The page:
(EDITOR’S NOTE: Well this column didn’t age well. Schools Superintendent Peter Schafer announced Monday afternoon the school’s would be fully remote for the next two weeks.
It’s Halloween week so be ready for stories designed to scare, startle and frighten.
BEWARE! Of the country and state’s rising COVID-19 rates! WATCH OUT! for the coming avalanche of last-minute political campaign messaging ahead of Election Day. WHAT’S THAT SOUND AGAINST THE WINDOW?! It’s just the Community Preservation Committee considering projects for next year…
Personal preference may dictate how much the rising COVID-19 numbers scare you. But for public health officials, doctors, epidemiologists, and scientists the dashboard on a third wave is blinking red. Massachusetts in recent days has seen its largest number of positive COVID-19 tests since the spring. Two weeks ago, Abington’s case number stoof at 38. Week it dropped down to eight. Today, the Board of Health announced the number was back up to 18.
Over the weekend, parents and guardians of school-age children received a pair of emails from Superintendent Peter Shaffer alerting them that four more school community members had tested positive — and some of those being quarantined for close contact included students.
Abington News asked Schafer whether parents should feel comfortable sending their kids to school, considering the news from over the weekend. He said: “To date, all information has indicated that the exposures that have caused quarantine have not been from a spread in school. Although there are no absolutes, as long as we continue not to be the cause of a spread and the source can be isolated, in consultation with the Director of Health, we hope to remain open.”
Then he added: “All of that could change at any moment.”
With the pandemic lingering in the background, Abington’s youngsters will once again take to the streets Saturday night in their annual campaign to secure free candy from neighbors. To be clear, the town is not able to cancel Halloween anymore than it’s able to cancel Christmas or Easter or St. Swithin’s Day. Some communities, have prohibited Trick or Treating — but Abington is not one of them. The Abington Board of Health, however, has issued some recommendations considering the CDC and state Department of Public Health consider Trick or Treating a “high risk” activity.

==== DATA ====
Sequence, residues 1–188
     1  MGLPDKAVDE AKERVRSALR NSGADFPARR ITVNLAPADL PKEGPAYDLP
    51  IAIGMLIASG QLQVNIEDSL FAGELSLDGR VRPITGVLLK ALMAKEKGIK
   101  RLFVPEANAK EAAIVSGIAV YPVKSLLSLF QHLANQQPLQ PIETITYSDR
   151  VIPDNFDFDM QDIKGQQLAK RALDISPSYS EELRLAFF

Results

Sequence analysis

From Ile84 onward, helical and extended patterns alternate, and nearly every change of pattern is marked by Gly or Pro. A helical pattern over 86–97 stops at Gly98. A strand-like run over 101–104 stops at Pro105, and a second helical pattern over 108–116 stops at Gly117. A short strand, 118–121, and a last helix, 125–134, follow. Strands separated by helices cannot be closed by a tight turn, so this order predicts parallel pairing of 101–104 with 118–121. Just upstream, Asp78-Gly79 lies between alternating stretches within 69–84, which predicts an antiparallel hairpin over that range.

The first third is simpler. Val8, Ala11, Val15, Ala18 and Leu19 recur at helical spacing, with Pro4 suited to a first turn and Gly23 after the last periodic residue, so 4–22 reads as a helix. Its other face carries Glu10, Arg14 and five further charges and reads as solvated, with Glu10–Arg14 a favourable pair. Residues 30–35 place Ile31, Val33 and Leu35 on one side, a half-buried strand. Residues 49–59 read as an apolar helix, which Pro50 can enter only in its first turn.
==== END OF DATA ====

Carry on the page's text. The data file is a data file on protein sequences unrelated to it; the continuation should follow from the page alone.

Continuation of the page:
Most of the recommendations are pretty common sense: a costume mask does not replace a real face covering; please don’t yell trick-or-treat in a neighbor’s face; don’t swap candy with someone who’s been exposed to COVID-19; and no indoor gatherings of more than 25 people. The board of health also suggested placing out pre-packaged bags of candy that kids can grab. Oh, and parents, please don’t eat pieces of candy while walking down the street; candy, ideally, should be set aside for three days so it can disinfect.
(Will the weather cooperate for Saturday night’s annual event? That’s to be determined. But as of now, it looks promising.)
Election Day is now eight days away. Voting will take place again at Emerald Hall between 7 a.m. and 8 p.m. Although there are only a couple competitive races on the local ballot, the Presidential race and the two ballot questions may produce some last-minute political mailings, ads, commercials, stand outs, and phone calls.
Town Clerk Leanne Adams said she’s mailed out 3,500 ballots (to those who requested one) and already more than 1,700 people have voted early. That means Abington is on pace to easily surpass turnout for 2016, when 5,400 people cast ballots.
Adams said while she’s seen some regulars voting early, she’s also seeing many new faces, eager to weigh in on this election. Some of those early voters are parents of school-age children wary of getting a phone call on November 3rd saying their family is now in quarantine from being a close contact.
Early voting remains open for any registered voter through Friday (hours listed below).
(And for those wondering, the town clerk’s office is able to track anyone who sends in a mail-in ballot and also shows up to vote in person.)
It’s a light meeting schedule this week with only the Finance Committee and Community Preservation Committee meeting. The Finance Committee is considering a transfer from the town’s reserve fund. The Community Preservation Committee is reviewing all submitted projects seeking Community Preservation Act funds, including additional improvements to Plymouth Street Little League Field, as well as the butterfly garden on Central Street, and a plan to tear down the Beaver Brook Playground and replace it with something new.
For those who missed it, Special Town Meeting did not pull a quorum last Monday night and was postponed until Nov. 17. Selectmen will be holding a public hearing and a vote at its Nov. 9 meeting in order to reduce the needed quorum from 150 to a lower number.
Community Preservation Committee, 7 p.m., Town Hall. Agenda includes discussing proposed FY ‘21 projects.
Finance Committee, 7 p.m., viz Zoom. Agenda includes a requested reserve fund transfer.
EARLY VOTING HOURS
Monday, October 26: 8:30 a.m. to 4:30 p.m.
Tuesday, October 27: 8:30 a.m. to 4:30 p.m.
Wednesday, October 28: 8:30 a.m. to 4:30 p.m.
Thursday, October 29: 8:30 a.m. to 4:30 p.m.
Friday, October 30: 8:30 a.m. to 12:30 p.m.
GREEN WAVE VARSITY SCHEDULE
Tuesday, 3:30 p.m. vs Randolph @ Memorial Field
Saturday, 9 a.m., @ Cohasset @ Wheelright Park
Thursday, 4 p.m. @ Norwell
Thursday, 4 p.m. vs. Norwell
Friday, 4 p.m. vs. South Shore Christian Academy
Monday, 3:30 p.m. vs. Mashpee @ Strawberry Valley Golf Course
Wednesday, 3 p.m. vs. Carver at Strawberry Valley Golf Course